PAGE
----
Resistance versus time plots for ohmic curing cycles carried out at increasing applied current values for the hybrid E1660/CB102 conductive path printed in ProtoTherm™ 3D structures

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Fig. 4

(a) Photograph of experiments where E1660 was used as vias and interconnects on ProtoTherm™ substrates and (b) the graphical results. Placement of the samples in the photographs corresponds with identifiers in the graphical results.

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Fig. 3

(a) Schematic of the scaffold support used to facilitate the 3D printing of complex geometries. (b) Photographs showing an example of the “scaling” substrate damage imposed by curing a ProtoTherm™ structure for 30 min at 138 °C on a substrate built on a scaffold support compared with a substrate cured at the same temperature, built on a polycarbonate sheet. Note the lack of scaling on the substrate built without a scaffold support.

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Fig. 7

(a) Photographs of experiments involving substrates that were 3D printed from WaterShed™. Note the yellowing of the substrates associated with thermal curing at temperatures above 46 °C and (b) graphical results of the thermal cure process. Placement of the samples in the photographs corresponds with identifiers in the graphical results.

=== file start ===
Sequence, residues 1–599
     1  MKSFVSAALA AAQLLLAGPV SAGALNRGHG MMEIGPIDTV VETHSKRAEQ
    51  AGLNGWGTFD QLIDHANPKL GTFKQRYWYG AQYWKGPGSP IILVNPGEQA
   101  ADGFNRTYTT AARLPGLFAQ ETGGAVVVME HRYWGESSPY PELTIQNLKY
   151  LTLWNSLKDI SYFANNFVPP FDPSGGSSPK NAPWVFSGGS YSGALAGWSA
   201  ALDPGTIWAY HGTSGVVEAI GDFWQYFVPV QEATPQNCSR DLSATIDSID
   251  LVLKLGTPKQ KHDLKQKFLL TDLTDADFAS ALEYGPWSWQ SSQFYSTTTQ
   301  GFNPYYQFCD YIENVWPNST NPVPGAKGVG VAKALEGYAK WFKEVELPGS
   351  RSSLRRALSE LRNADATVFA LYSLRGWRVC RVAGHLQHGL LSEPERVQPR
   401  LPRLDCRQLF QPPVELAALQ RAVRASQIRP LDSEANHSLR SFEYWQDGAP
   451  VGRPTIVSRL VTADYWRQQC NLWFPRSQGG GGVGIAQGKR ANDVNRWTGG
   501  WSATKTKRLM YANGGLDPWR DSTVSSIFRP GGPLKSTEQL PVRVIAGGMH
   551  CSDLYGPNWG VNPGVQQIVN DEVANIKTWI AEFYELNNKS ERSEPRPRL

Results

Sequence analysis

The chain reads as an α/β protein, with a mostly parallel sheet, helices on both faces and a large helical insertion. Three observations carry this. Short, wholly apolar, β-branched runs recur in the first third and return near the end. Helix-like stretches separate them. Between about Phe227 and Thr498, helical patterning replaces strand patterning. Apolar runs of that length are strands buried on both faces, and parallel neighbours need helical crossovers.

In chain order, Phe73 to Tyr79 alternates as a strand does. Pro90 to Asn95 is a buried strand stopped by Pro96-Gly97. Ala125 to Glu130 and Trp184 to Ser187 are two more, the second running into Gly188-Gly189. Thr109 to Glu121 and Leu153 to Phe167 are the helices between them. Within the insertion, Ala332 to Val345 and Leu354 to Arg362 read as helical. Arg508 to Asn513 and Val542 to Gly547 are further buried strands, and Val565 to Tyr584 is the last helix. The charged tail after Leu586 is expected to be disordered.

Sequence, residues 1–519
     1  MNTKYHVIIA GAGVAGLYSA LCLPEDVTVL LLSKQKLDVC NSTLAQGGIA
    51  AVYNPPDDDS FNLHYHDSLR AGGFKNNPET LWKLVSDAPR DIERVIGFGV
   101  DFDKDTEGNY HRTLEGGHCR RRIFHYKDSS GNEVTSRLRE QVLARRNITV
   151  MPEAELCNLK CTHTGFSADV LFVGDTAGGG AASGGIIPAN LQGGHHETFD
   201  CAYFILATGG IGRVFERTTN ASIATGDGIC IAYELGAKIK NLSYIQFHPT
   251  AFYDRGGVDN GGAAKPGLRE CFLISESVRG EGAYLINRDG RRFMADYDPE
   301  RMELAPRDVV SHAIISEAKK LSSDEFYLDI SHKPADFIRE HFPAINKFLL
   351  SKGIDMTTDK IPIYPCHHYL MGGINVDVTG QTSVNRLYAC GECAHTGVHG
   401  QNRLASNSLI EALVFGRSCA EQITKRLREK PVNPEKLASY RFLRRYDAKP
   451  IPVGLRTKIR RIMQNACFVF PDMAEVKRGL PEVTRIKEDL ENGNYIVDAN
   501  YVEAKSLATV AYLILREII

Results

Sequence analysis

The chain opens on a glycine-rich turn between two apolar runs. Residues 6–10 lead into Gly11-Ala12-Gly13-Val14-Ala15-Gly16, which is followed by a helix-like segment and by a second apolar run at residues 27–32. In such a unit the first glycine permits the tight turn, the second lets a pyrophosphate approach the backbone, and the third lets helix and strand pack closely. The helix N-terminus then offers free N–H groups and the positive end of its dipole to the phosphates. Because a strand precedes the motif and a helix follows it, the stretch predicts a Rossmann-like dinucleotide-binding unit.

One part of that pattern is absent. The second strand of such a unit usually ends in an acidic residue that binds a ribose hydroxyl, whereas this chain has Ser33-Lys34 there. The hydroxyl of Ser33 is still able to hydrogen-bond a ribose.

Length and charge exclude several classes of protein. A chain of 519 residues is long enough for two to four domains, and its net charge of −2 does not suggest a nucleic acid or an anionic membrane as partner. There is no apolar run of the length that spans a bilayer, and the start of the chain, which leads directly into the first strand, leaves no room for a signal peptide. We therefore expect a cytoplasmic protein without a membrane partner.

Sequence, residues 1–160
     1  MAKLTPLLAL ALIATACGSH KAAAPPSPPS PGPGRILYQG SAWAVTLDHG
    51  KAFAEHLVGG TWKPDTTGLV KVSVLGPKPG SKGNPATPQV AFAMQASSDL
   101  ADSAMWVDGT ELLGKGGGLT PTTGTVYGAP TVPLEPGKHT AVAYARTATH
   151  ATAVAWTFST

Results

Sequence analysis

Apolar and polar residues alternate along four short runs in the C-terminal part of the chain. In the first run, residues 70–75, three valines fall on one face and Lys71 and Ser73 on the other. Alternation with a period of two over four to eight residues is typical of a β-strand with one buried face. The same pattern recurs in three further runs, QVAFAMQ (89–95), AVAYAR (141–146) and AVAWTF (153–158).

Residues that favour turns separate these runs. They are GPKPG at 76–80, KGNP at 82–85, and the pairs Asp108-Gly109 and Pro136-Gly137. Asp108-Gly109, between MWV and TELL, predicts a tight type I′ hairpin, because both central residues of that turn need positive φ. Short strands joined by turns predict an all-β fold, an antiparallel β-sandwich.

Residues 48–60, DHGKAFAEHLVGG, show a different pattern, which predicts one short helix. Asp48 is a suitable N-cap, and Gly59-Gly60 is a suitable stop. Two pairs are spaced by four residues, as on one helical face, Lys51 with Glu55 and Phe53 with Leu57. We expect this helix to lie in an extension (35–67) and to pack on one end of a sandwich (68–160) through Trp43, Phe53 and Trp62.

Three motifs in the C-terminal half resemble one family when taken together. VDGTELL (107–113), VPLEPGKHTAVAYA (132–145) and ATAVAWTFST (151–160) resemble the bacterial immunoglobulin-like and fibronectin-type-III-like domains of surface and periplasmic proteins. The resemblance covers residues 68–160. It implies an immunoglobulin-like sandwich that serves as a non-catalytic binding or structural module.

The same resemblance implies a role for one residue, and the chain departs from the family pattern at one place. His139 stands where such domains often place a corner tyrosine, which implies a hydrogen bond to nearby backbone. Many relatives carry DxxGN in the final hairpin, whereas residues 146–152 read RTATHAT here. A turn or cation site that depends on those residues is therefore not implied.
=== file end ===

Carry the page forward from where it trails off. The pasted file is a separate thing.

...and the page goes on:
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Fig. 8

(a) Photographs of experiments involving WaterShed™ substrates where E1660 used to print interconnects and CB102 was used to print vias and (b) graphical results of the thermal and ohmic cure processing. Placement of the samples in the photographs corresponds with identifiers in the graphical results.

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Fig. 9

Example of tailoring the applied current based on wattage to cure process outliers from the thermal precure process for (a) E1660 conductive trace printed in a ProtoTherm™ substrate and (b) combination E1660/CB102 conductive path printed in a WaterShed™ substrate

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Fig. 10

Typical resistance versus time behavior for an ohmic curing cycle. The first cycle at a given applied current causes a sharp drop in resistance. The subsequent cycles are not able to cause further significant curing effect. In this case the applied current was 4 A.

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Fig. 2

Examples of the process issues encountered when attempting to use DuPont CB028 ink on 3D structures: (a) dewetting of the ink in the via structure of a ProtoTherm™ structure; (b) ejection of the ink during the thermal curing process in a WaterShed™ structure; and (c) dewetting of the ink in the via portion of a WaterShed™ structure

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Fig. 1

The test structure used in this study which featured internal vias and external interconnects

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Fig. 11

(a) Optical micrograph showing evidence of charring of DuPont CB102 in a ProtoTherm™ substrate and (b) backscatter SEM micrographs showing charring of DuPont CB102 near the via/interconnect interface of a dual E1660/CB102 interconnect/via structure on a WaterShed™ substrate